Tag Archives: iraq war

LIbLink: Alistair Carmichael: Parliament can not duck responsibility for UK joining Iraq war

As we have a 13-years-too-late mea culpa (but a big boy made him do it) from John Prescott, Alistair Carmichael writes for the Times about Parliament’s role in supporting the Iraq War.

He makes the very valid point that Parliament could have given Blair a much harder time, asking for more evidence, scrutinising every claim made, but they ducked it.

Too many of those who now say, “Of course, if I had known then what I know now …” must be challenged. For the most part they could not have known then what they know now because they were not prepared to ask the questions or to demand the evidence.

Attention focuses on the actions of the prime minister and government of the day and rightly so — they failed to do what they should have done. That is, however, equally true of the Conservative opposition. Where they should have questioned, they acquiesced. Where they should have demanded evidence, they accepted assertions. As a party of the establishment, they could not allow themselves to believe that the various arms of government would be embarking on a war without a sound basis in law.

Posted in News | Also tagged , , and | 5 Comments

Splendid and moving tribute to David Rendel, former Liberal Democrat MP

David Rendel at Anti-Iraq war demo 15th Feb 2003 Some rights reserved by Paul Walter

David Rendel at the 2003 London march against the Iraq war. David described voting against the Iraq invasion, in the House of Commons, as his proudest moment.

Last Monday, a memorial event was held for former Liberal Democrat MP, David Rendel. This was at the Corn Exchange theatre in Newbury. Family, friends, colleagues and former constituents of David filled the hall to overflowing.

The tributes started with a film of David’s life put together by Rachael Clarke, Deputy head of policy of the Liberal Democrats. This film included video footage and photos from David’s political and family life.

Posted in Obituaries | Also tagged , and | 3 Comments

A PM fails this country and destroys another, yet faces no action. Where’s the accountability in that?

I’m watching an at times close to tears Tony Blair giving his response to the Chilcot Report.

He asks us to accept that he took the decision to go to war in good faith. I’m not sure that was ever actually in doubt. Charles Kennedy, in disagreeing with him in the House of Commons during the March 2003 Commons debate, did not doubt the sincerity of his position.

However, Blair’s comments, and all the regret he may feel, cannot make up for what the report makes clear was a very flawed decision making process, with insufficient planning for the aftermath, putting British forces in added danger as they were fighting on two fronts (Iraq and Afghanistan) and weren’t given the resources to do their jobs and that the process establishing whether the decision was even legal was flawed.

The “with you, whatever” memo is not quite damning as it seems. If you read the whole thing, Blair is actually trying to steer the US President down a path of forming an international coalition and pointing out the consequences of not doing so. The problem with the memo as Chilcot says is that he sent a fairly detailed exposition of the UK Government’s position without even asking the Foreign and Defence Secretaries to comment. However, I am less convinced that Straw or Hoon would have changed anything, but that’s just a personal opinion. Also, using loose language like “with you, whatever” is at best not advisable. At worst it shows a contempt for Parliament and the decision making process in Government.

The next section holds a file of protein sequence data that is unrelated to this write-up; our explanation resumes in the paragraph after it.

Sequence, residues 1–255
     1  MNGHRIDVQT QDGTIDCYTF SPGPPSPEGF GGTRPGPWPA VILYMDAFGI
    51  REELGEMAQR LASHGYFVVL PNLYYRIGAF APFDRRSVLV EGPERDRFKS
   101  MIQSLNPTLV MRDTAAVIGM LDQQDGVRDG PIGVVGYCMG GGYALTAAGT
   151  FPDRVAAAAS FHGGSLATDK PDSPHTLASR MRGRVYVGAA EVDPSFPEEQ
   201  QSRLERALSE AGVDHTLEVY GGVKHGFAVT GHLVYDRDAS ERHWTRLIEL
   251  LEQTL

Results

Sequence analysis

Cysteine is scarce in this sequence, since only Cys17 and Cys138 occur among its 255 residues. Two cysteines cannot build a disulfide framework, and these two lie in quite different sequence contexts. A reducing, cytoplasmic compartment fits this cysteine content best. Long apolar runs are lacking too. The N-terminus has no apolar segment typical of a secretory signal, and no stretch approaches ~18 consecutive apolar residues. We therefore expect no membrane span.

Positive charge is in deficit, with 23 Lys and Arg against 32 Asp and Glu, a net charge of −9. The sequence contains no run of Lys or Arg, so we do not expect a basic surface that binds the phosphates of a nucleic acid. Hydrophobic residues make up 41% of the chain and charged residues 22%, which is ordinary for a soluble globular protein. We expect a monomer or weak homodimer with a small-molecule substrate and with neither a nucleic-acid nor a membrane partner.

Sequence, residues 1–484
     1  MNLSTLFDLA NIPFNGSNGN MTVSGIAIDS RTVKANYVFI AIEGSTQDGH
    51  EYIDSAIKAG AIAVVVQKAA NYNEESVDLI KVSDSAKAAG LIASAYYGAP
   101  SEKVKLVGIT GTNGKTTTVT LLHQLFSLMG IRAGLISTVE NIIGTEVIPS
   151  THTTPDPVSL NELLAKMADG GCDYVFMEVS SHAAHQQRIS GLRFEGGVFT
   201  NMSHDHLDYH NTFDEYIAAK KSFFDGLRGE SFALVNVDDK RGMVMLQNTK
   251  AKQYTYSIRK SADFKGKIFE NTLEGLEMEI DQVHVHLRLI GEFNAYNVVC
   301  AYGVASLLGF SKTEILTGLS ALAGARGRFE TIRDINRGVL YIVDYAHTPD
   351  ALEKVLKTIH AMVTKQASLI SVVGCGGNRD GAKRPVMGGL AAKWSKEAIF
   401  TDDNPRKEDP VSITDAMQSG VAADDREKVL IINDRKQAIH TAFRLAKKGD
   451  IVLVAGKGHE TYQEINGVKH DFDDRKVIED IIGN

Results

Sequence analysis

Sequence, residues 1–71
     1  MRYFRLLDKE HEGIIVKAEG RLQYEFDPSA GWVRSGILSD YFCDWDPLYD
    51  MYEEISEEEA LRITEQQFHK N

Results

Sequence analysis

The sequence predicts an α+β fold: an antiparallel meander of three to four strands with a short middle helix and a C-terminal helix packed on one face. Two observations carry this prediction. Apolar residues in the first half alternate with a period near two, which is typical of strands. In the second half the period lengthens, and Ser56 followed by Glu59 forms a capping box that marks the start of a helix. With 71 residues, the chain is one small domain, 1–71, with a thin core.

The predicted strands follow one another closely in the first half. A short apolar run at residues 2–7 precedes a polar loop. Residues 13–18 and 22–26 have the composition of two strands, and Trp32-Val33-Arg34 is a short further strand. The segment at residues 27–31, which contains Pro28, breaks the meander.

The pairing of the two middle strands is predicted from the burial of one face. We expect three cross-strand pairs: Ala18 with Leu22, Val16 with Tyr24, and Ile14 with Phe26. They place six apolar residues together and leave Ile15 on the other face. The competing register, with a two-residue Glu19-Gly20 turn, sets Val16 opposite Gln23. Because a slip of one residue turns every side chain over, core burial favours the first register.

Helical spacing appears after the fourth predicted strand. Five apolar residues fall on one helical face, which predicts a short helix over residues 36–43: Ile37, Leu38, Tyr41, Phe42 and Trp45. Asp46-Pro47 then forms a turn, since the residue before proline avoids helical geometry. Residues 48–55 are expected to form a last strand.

I have never been one of those people who has thought that Tony Blair should be tried as a war criminal. To suggest such a thing, that there is some equivalence between him and the likes of Radovan Karadzic, sentenced earlier this year for his part in the Bosnian genocide is to my mind inappropriate. The errors of Blair and his Government were not of brutality but of folly, negligence and incompetence.

Those were pretty major errors but nobody involved is actually going to face any consequences for that. How can that be? If Blair were still in office, he would have to resign in disgrace. A decade on, he enjoys a privileged and comfortable life with an international career.

Posted in News | Also tagged , and | 16 Comments

One big thing to remember about the Iraq War as the Chilcot Report is published

The long awaited Chilcot Report will be published in a few minutes.

On the eve of publication, Twitter amused itself by guessing #chilcotslastline

My favourite came from Lib Dem Josh Dixon.

I suspect that in the wall to wall coverage today, one big thing will be missing. There will be comparatively few mentions of the one UK party that opposed the war from the start. That would be the Liberal Democrats.

Taking an anti-war stance is a courageous thing. Charles Kennedy showed enormous courage and resolve in doing so. He was roundly abused, accused of not supporting our troops, called every traitorous name under the sun.